Knock at the Cabin: by-the-numbers Shyamalan

M. Night Shyamalan’s latest proves he’s still handy with the nuts and bolts of intimate thrillers – but will he ever be bold enough to really lean into the darkness?

1 February 2023

By Leigh Singer

Dave Bautista and Kristen Cui as Leonard and Wen in Knock at the Cabin (2023)
Sight and Sound

When it comes to captive, tight-knit families facing end times, M. Night Shyamalan has form. 2002’s Signs, his third feature, was, like most of the Philadelphia-based filmmaker’s work, based on an original screenplay with now-trademark strengths ­(handsome production design; slow-burn suspense; keen focus on character) and weaknesses (fanciful logical leaps; sappy twist endings) in place. Here, Shyamalan adapts Paul Tremblay’s anguished 2018 home-invasion-meets-apocalyptic-nightmare thriller The Cabin at the End of the World. And while he honours the novel’s set-up, the climactic handbrake turn into an explicit parable of faith, another very familiar Shyamalan trope, is a radical act of rewriting that, almost ironically, shows a real lack of belief in the source.

One can see the premise’s high-concept appeal for Shyamalan. Into a rural idyll vacation taken by gay couple Eric (Jonathan Groff) and Andrew (Ben Aldridge) and their beloved seven-year-old daughter Wen (Kristen Cui) come four strangers led by softly spoken man-mountain Leonard (Dave Bautista). Though striving to be polite and reasonable, Leonard’s crew, haunted by prophetic visions and armed with crude, homemade weapons, effectively take the family hostage. Their rationale is simple: Armageddon is imminent and can only be averted if the trio willingly decide to sacrifice one of their number.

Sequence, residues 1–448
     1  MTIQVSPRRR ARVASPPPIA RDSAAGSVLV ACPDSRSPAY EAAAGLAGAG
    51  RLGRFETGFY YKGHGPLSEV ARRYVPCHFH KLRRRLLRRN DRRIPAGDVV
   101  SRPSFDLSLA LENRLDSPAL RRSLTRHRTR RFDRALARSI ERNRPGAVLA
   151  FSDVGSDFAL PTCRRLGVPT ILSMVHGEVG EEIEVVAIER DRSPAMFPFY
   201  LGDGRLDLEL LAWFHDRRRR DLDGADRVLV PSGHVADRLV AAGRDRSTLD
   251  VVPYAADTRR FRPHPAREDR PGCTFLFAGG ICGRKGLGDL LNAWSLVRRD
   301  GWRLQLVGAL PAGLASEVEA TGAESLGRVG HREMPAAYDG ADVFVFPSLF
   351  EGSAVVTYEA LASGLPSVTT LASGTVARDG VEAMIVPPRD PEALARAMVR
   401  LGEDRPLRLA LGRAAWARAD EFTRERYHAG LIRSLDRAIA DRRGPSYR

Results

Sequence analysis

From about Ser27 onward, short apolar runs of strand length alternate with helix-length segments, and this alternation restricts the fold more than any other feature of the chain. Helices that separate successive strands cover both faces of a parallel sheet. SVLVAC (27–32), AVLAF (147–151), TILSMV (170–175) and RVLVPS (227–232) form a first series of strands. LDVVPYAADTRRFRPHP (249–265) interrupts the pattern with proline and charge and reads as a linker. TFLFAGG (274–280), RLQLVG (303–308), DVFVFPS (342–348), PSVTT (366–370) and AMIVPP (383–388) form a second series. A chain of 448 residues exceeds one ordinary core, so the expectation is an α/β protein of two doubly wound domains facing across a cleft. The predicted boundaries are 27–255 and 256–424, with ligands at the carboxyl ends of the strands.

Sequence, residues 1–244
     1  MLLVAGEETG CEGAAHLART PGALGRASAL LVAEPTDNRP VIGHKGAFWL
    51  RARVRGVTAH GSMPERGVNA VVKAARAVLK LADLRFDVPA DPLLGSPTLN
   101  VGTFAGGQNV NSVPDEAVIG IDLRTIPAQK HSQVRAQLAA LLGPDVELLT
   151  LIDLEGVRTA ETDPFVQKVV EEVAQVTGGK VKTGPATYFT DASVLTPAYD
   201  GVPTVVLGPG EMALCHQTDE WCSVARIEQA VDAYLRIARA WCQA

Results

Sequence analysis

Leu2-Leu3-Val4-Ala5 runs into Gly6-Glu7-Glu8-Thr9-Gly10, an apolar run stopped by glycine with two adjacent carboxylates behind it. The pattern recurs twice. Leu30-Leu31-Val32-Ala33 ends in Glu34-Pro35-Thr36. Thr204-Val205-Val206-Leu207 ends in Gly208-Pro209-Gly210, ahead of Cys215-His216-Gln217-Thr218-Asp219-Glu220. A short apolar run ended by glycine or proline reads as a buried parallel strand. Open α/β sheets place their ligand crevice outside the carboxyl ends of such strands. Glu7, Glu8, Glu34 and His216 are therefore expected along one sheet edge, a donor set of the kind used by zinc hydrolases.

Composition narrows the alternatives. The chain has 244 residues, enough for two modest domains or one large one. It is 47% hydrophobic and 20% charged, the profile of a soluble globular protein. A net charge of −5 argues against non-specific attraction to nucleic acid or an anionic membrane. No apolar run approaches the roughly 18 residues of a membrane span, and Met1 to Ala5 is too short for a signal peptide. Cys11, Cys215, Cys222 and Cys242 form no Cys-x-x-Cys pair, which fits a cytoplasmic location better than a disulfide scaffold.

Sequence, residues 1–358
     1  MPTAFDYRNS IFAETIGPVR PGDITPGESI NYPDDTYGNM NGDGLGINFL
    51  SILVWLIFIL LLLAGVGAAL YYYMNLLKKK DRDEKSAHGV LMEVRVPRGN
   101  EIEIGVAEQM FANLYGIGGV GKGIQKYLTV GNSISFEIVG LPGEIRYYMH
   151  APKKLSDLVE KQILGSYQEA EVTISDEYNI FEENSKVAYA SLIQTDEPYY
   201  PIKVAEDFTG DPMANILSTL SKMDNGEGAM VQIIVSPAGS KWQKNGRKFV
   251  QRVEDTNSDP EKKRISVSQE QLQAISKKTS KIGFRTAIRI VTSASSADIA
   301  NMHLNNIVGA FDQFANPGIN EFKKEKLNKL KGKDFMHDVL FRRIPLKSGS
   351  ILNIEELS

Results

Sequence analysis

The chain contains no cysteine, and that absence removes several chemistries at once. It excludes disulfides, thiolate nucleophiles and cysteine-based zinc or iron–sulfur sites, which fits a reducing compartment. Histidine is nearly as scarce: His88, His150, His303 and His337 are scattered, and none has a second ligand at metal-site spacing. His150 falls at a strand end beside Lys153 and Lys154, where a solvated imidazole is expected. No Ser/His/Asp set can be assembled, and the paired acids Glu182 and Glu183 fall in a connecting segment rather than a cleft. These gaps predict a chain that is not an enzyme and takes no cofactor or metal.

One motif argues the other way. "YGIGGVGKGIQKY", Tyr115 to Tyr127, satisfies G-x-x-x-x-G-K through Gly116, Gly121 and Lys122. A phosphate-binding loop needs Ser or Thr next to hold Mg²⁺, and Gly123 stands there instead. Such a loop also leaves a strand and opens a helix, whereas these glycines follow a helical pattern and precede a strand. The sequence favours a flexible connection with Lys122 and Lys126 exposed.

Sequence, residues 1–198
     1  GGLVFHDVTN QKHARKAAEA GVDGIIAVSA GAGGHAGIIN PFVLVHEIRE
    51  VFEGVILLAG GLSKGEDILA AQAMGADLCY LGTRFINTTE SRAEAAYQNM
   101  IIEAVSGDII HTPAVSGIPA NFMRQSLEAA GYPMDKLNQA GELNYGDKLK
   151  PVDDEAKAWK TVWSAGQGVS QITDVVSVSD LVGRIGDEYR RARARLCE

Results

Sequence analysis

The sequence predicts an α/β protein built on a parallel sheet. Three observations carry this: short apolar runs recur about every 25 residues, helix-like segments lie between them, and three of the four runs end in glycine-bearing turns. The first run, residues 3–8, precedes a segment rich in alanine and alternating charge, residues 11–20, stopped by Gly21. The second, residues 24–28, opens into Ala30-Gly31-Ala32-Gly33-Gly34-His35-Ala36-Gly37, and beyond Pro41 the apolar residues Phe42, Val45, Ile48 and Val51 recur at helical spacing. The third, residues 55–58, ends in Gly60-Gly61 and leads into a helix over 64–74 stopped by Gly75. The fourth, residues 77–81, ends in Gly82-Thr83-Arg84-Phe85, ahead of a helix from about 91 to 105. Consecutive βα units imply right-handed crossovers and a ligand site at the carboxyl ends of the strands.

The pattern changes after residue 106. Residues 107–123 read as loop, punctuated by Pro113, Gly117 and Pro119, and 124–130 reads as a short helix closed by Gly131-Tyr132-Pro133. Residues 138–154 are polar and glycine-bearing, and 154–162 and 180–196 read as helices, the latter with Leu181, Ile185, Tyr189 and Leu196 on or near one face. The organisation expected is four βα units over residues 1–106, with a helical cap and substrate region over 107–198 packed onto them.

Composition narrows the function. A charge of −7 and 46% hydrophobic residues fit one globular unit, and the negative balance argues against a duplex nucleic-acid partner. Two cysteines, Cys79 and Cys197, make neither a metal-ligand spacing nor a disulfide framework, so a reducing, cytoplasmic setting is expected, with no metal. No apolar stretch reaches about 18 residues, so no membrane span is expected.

Understandably, Eric and Andrew remain unwilling to comply and firmly unconvinced by this deal – initially Andrew is certain they’re homophobic ‘conversion therapy’ extremists – even when TV news footage appears to show earthquakes, tsunamis and even burgeoning pandemics seemingly result from their refusal. And while Leonard swears they won’t make or enact the family’s decision for them, other equally violent reprisals are in the offing.

Shyamalan dials down the novel’s explicit blood and gore, shooting more gruesome scenes with discretion, focused instead on the psychological and philosophical battles between both parties. Looming close-ups of the impressive cast often fill the frame as each side pleads their case, with Bautista once again proving to be the current wrestler-turned-actor most committed to testing his thespian limits.

Those familiar with Tremblay’s bleaker, more troubling ambiguity may balk at Shyamalan’s neatly uplifting if still tragic finale, redolent of the subgenre of fervently Christian-themed TV movies, albeit far better made (aside from a few ropey visual effects). Still, it’s surely less contentious than, say, the film adaptation of Thomas Harris’s 1999 cultural touchstone Hannibal, whereby Ridley Scott filleted much of the book’s disturbing denouement for a more palatable conclusion. Shyamalan’s facility for constructing intimate thrillers is clear, but will he ever be bold enough to embrace journeys into darkness without signposting the path to salvation? Now that would be a tantalising twist ending.

Knock at the Cabin is in UK cinemas now.

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